Natural Disasters

7.3 magnitude temblor rocks Nepal

This is a fresh earthquake and not an aftershock, says expert

 
By DTE Staff
Last Updated: Thursday 17 September 2015

image

A 7.3 magnitude earthquake struck 18 km southeast of Kodari in Nepal around 12.35 pm today. It comes only two weeks after a massive 7.9 magnitude earthquake claimed more than 8,000 lives and caused large-scale damage in the Himalayan nation.

At least 66 people have been killed and more than 1,100 have been injured in Nepal. Many buildings have collapsed in a town called Chautara in Tuesday's quake, an official with the International Organization for Migration was quoted by the Associated Press as saying. Authorities say Dolakha, Sindhupalchowk, Kathmandu and Lalitpur were most affected. 

According to the Indian home ministry, the quake claimed 16 lives in Bihar and one in Uttar Pradesh. Thirty-nine people were also injured.

Today’s earthquake occurred at a depth of between 15 and 18 km, according to the US Geological Survey. The epicentre is 76 km east-northeast of capital city Kathmandu. Media reports say people rushed out of buildings in Kathmandu when the tremors started.

Tremors were also felt in many places in northern Indian states as well as in parts of Afghanistan, Pakistan and Southeast Asia.

The US Geological Survey calls today's quake "the largest aftershock to date of the M 7.8 April 25, 2015 Nepal earthquake". But Indian experts disagree.

“As it is of 7.3 magnitude as per the US Geological Survey, it cannot be termed as an aftershock,” says Supriyo Mitra, associate professor at Department of Earth Sciences, Indian Institute of Science Education and Research (IISER) Kolkata. “This is a fresh earthquake, but is associated with the earthquake in Nepal in other ways,” he said.

Mitra explains that aftershocks are generally at least one magnitude weaker than the main earthquake. Since the M 7.3 earthquake on Tuesday, at least seven tremors between 4.5 and 6.2 magnitude were recorded in the region around Kodari, according to the European-Mediterranean Seismological Centre.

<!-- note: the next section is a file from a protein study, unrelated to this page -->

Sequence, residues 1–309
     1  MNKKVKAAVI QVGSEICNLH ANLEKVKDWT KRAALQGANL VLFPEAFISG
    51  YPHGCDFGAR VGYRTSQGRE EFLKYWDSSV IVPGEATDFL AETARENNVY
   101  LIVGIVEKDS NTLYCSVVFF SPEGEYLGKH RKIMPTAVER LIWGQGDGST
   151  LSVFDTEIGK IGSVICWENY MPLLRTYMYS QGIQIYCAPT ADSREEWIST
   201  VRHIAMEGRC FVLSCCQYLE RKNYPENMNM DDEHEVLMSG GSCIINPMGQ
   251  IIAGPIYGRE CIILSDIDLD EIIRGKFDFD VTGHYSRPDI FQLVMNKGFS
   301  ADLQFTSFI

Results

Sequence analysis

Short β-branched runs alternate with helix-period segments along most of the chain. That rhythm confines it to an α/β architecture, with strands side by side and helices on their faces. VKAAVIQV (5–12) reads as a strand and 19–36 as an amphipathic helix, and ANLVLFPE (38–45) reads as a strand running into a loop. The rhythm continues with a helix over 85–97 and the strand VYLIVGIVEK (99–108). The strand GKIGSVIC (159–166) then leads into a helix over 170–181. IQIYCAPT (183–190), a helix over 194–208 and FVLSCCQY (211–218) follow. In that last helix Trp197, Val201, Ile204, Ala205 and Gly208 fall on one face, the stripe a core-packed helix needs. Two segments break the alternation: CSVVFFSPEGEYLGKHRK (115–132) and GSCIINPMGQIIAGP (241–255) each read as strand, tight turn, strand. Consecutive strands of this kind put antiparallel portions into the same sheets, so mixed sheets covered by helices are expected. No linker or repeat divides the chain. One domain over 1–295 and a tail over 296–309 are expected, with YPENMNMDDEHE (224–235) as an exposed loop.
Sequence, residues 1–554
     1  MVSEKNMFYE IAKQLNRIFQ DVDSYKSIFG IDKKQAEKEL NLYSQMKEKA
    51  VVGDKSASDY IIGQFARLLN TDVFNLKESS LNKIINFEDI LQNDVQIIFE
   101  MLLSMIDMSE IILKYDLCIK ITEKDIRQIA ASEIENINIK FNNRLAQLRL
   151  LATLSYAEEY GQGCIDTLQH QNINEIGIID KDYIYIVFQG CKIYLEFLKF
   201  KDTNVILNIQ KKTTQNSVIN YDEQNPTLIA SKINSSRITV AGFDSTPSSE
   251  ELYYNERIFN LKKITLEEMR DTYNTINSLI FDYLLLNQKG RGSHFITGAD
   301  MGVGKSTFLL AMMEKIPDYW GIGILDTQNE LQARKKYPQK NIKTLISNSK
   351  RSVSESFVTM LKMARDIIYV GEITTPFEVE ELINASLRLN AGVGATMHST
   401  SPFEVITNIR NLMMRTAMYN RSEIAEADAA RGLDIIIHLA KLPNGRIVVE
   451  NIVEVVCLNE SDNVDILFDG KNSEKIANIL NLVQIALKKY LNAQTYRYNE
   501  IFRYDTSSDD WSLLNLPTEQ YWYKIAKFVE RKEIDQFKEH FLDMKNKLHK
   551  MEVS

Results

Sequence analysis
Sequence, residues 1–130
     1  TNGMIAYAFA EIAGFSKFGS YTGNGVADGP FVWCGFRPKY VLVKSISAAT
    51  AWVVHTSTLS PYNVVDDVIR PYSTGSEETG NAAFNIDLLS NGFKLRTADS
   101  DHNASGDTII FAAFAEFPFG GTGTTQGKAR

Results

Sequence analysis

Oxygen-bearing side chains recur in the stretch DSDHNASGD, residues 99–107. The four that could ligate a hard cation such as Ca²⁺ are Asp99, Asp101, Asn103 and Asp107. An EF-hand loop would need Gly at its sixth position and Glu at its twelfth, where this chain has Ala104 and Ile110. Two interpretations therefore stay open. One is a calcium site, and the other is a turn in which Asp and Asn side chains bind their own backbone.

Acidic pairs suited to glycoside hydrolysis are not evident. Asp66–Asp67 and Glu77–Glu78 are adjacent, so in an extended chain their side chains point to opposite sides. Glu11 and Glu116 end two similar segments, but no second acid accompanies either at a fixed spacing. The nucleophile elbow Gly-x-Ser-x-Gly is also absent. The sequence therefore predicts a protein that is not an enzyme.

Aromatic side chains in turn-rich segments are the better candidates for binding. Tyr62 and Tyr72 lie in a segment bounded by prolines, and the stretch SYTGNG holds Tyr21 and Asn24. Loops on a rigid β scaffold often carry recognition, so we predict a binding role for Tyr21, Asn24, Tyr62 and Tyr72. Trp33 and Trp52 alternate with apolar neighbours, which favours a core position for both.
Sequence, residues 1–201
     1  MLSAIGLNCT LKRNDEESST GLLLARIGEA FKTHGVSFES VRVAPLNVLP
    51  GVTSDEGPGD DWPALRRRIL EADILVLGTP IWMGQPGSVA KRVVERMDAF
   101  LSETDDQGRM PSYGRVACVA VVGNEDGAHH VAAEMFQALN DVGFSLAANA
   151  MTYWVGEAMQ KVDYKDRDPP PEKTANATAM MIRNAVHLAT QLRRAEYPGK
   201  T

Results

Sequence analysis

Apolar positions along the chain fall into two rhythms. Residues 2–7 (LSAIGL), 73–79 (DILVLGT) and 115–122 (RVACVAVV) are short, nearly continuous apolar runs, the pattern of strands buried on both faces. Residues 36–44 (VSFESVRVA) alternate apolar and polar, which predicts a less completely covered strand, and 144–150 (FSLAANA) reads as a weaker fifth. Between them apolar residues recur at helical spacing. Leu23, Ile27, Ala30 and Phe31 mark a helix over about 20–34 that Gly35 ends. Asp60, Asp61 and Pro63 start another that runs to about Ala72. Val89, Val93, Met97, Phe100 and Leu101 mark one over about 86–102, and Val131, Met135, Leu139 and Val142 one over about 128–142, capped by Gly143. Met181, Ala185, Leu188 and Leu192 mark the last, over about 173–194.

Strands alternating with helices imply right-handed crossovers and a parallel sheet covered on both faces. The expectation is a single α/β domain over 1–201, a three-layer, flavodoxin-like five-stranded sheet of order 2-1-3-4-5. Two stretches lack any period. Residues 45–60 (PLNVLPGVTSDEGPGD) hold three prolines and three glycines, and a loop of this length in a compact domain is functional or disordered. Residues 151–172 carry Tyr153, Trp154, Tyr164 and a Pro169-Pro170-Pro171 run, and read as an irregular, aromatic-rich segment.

Subscribe to Weekly Newsletter :
Related Stories

Comments are moderated and will be published only after the site moderator’s approval. Please use a genuine email ID and provide your name. Selected comments may also be used in the ‘Letters’ section of the Down To Earth print edition.

  • I'm not able to understand

    I'm not able to understand your source who says "ÔÇ£As it is of 7.3 magnitude as per the US Geological Survey, it cannot be termed as an aftershock,ÔÇØ. This earthquake is indeed an aftershock of the M7.8 April 25th quake. Pl refer to a reliable source such as the USGS website
    I quote- "The May 12, 2015 event is the largest aftershock to date of the M 7.8 April 25, 2015 Nepal earthquake ÔÇô known as the Gorkha earthquake - which was located 150 km to the west, and which ruptured much of the decoll├®ment between these two earthquakes."

    Aftershocks can come for a long time. The Feb 25 2011 ChristChurch earthquake was part of the aftershock sequence of the Canterbury earthquake of September 2010.

    Posted by: Anonymous | 4 years ago | Reply
  • Hi Alpa, We have included

    Hi Alpa,

    We have included both the US and Indian versions in an effort to understand today's event.

    Posted by: DTE Staff | 3 years ago | Reply